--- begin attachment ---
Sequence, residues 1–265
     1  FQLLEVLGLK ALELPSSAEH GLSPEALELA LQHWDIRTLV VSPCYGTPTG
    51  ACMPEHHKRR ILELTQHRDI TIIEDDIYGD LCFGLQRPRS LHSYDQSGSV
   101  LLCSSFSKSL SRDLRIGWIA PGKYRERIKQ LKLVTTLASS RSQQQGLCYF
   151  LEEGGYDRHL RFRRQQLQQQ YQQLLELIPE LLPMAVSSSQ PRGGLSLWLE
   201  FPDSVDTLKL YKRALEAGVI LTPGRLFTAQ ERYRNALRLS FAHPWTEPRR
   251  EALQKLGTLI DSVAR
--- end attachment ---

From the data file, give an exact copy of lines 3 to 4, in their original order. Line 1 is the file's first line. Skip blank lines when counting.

    51  ACMPEHHKRR ILELTQHRDI TIIEDDIYGD LCFGLQRPRS LHSYDQSGSV
   101  LLCSSFSKSL SRDLRIGWIA PGKYRERIKQ LKLVTTLASS RSQQQGLCYF